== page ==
By David J. Finch, Mary Moran, Jason Ribeiro and Janet Lane
Published in the Calgary Herald
June 11, 2020
COVID-19 is teaching the world many painful lessons. A central lesson for Calgary is the critical skill of adaptability.
The pandemic is amplifying a fundamental change that has occurred in cities in recent decades. For millennia, a city’s proximity to natural resources, from rivers to forestry to mining, defined its prosperity.
Today, economic and social prosperity is defined by a city’s people. Prosperity depends on the capacity of a population to embrace uncertainty and adapt to new roles. Knowledge and skills must transcend industries and professions.
If there is a defining competency in 2020, it is adaptability.
For decades, there have been calls for Alberta and Calgary to diversify economically. Questions about “what” we should become date back to the Lougheed years. It’s time for a more fundamental question: “how” does Calgary adapt?
The answer isn’t complex. Calgary adapts when Calgarians learn how to adapt.
Adaptable people can adjust to the dynamic context of the world today. It can be reactive, learning to live with the restrictions of a pandemic. It can also be proactive and intentional; anticipating change and planning a response in advance.
We imagine a city of people who view disruption as opportunity, a city with a population whose talents and skills continuously evolve. We imagine a Calgary that attracts investment and talent from across the globe because it is known as a city that learns its way forward.
We know this is the future. The question is how will Calgary navigate the uncertainty that is suddenly upon us and realize our potential?
Embracing the disruption and adapting to new opportunities is at the heart of the economic strategy Calgary in the New Economy that was created by the community and unanimously approved by city council in 2018.
At the root of adaptation is learning. Calgary must become a city that can learn faster and better. How do we make that transformation? We start by changing the learning system.
How we choose to learn will define Calgary’s future social and economic prosperity. We are fortunate to be building from a position of strength. Alberta has one of the leading traditional education systems in the world.
Yet the ability for today’s learning system to transform to meet emerging demands is widely debated. Education is woven through society, not just in kindergarten to Grade 12 and accredited educational institutes, but also in workplaces, professional associations, business ecosystems and in the hands of individual learners. The ways people learn are complex and there is enormous potential to effect wider change by evolving our learning system.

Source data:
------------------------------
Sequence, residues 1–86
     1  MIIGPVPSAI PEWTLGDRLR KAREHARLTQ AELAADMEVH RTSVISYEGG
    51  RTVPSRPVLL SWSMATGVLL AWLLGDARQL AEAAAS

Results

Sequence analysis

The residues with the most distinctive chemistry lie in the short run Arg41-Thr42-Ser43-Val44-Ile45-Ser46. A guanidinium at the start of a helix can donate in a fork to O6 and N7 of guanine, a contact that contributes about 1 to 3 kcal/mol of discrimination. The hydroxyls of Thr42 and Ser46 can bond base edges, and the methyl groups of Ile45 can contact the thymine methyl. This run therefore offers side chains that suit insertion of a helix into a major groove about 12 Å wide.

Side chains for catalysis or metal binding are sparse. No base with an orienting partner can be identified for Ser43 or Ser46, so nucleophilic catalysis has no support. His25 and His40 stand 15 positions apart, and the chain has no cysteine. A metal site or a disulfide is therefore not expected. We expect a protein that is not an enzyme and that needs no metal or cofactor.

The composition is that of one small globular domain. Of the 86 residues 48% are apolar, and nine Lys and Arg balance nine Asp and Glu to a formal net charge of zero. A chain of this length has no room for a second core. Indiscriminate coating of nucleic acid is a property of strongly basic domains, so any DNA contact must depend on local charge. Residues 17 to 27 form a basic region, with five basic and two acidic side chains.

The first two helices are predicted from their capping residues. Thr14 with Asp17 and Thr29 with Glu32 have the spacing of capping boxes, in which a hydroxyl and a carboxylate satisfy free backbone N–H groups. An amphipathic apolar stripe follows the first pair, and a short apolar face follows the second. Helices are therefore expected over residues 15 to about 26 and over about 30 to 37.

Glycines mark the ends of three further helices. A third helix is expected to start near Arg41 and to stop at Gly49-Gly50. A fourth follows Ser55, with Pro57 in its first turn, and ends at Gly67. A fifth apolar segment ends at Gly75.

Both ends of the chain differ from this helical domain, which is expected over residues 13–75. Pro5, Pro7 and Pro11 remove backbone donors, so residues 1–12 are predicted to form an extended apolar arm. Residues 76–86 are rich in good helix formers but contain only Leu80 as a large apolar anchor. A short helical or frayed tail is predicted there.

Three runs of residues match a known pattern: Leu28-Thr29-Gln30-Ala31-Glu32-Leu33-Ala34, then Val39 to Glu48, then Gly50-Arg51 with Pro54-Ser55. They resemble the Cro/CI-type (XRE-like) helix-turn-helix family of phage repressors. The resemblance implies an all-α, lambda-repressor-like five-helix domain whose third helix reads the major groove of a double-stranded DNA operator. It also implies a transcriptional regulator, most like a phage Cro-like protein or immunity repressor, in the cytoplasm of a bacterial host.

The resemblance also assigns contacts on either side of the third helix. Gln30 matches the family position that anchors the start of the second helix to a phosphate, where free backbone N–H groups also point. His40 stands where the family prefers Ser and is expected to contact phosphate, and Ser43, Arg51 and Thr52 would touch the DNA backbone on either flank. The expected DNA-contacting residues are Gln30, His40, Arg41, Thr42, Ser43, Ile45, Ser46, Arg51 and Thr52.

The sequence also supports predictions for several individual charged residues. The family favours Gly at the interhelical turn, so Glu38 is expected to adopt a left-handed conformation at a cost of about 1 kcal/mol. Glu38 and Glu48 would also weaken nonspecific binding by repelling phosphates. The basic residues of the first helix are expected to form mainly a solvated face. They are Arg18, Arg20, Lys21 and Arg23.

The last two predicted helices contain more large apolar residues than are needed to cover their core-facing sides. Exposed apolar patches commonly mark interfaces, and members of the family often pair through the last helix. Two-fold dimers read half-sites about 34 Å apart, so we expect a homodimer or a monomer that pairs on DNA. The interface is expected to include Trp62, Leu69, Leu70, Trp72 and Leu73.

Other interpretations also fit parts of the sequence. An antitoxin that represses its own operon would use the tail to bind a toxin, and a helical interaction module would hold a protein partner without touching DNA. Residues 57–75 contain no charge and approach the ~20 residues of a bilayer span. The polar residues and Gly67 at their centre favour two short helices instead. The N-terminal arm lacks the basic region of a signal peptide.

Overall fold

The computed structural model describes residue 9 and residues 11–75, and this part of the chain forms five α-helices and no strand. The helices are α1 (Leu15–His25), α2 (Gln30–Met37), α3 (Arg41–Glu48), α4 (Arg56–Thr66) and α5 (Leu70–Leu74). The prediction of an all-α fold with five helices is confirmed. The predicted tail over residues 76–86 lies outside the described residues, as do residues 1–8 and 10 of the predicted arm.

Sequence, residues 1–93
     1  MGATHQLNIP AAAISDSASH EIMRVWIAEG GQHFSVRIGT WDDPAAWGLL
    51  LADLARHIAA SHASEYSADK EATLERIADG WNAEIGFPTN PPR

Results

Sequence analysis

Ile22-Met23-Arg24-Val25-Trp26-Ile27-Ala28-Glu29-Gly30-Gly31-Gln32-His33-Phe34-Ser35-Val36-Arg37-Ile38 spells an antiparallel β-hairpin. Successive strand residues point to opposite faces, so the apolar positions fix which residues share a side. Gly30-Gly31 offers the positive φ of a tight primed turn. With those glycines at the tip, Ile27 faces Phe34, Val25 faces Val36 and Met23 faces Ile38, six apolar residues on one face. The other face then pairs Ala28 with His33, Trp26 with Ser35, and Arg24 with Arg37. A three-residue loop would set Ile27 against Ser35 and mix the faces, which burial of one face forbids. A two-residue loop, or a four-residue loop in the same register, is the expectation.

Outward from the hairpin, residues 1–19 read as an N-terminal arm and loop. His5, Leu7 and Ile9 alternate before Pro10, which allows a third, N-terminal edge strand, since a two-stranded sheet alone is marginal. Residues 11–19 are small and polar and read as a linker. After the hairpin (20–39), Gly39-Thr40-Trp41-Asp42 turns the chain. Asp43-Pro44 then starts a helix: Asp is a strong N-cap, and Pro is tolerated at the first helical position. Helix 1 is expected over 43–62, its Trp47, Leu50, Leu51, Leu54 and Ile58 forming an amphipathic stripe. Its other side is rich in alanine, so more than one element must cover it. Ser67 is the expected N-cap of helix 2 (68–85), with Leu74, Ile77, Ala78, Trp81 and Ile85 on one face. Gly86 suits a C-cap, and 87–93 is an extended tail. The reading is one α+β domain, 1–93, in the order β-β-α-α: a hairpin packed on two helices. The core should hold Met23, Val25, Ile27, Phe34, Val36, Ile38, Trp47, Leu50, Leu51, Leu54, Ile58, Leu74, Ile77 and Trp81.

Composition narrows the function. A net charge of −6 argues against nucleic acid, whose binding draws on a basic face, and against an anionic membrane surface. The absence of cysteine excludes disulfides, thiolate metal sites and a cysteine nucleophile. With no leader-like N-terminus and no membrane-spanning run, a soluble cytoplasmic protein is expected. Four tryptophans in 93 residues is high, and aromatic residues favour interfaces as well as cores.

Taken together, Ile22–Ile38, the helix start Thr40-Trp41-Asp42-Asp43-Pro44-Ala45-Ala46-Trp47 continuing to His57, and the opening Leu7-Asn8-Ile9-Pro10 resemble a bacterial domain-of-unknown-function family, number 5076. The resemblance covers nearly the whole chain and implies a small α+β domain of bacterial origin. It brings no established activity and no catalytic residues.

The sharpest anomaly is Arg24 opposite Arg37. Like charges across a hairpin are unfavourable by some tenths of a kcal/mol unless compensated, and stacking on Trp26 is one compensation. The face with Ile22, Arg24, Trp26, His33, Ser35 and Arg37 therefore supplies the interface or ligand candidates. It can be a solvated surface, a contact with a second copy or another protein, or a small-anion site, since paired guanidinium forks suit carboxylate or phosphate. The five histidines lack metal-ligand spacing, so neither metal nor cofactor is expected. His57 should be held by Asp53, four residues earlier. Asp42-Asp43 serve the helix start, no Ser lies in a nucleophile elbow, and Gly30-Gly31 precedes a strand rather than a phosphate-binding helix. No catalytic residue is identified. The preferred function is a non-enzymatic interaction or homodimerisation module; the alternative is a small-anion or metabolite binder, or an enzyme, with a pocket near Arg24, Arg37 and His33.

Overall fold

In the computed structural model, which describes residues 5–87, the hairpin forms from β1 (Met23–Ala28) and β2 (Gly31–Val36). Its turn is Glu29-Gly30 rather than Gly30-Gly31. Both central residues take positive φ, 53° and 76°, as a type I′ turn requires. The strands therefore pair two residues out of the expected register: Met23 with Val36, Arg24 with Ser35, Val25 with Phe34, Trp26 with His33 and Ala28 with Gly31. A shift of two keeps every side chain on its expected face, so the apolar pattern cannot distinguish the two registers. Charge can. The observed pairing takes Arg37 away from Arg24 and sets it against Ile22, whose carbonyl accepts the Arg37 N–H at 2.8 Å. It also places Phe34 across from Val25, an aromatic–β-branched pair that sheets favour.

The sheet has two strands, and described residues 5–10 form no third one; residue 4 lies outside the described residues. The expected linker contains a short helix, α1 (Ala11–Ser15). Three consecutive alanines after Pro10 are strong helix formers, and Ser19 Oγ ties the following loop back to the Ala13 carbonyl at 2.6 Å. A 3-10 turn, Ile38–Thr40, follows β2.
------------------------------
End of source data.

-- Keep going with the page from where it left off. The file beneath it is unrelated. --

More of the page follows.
To start re-envisioning our learning system and embrace the concept of life-long learning, a broad range of community partners, facilitated by Calgary Economic Development, established the LearningCITY Project to explore how a city-wide learning system could redefine the future. To kick-start community-wide discussion, we developed two reports, proposing a redefinition of our learning system based on five principles:
1. Transition to an open learning system: To become a LearningCITY, Calgary must transition from the traditional closed learning system — defined by isolated learning experiences from kindergarten to post-secondary to professional development — to an open, lifelong personalized learning system for continuous development.
2. Transition to purpose-based learning: Calgary needs a learning system that prioritizes empowerment and autonomy. The learner’s development pathway — their route through the learning system — becomes a personalized climbing wall instead of a predictable ladder. This system aims to develop adaptable people, so the system itself must be adaptable.
3. Commit to universal experiential learning: An empowered learner learns through a variety of media and experiences. Today, many learning experiences are not hands-on. We recommend Calgary become the first city in North America to adopt a universal experiential learning system incorporating a minimum level of experiential learning for undergraduates.
4. Develop enabling competencies:An individual who has a strong foundation of enabling competencies (skills useful regardless of the context, such as communication or citizenship) will be more adaptive than someone whose learning is anchored in domain-specific competencies (skills that serve a particular role, such as welding or cooking). We propose adopting a unified community competency model that contributes to a person’s ability to adapt.
5. Invest in community-level structural capital: An efficient, city-wide open learning system requires high-level co-ordination between many stakeholders. All partners in the learning system will need to ensure processes to advance collaboration and shared learning.
Transitioning to a world-leading learning system based on these five principles won’t be easy and will meet resistance. To invoke this level of change, the community needs leadership. To move forward, we are establishing a community Learning Task Force to define a new learning model and plan within 12 months. Change isn’t easy, but for a city standing on a precipice, it is time to embrace it as an opportunity and lead.
David J. Finch, professor and associate director, Institute for Innovation and Entrepreneurship, Mount Royal University; Mary Moran, president and CEO,Calgary Economic Development; Jason Ribeiro, director of strategy, Calgary Economic Development; and Janet Lane, director, Human Capital Centre, Canada West Foundation.
Photo credit: Toni Reed on Unsplash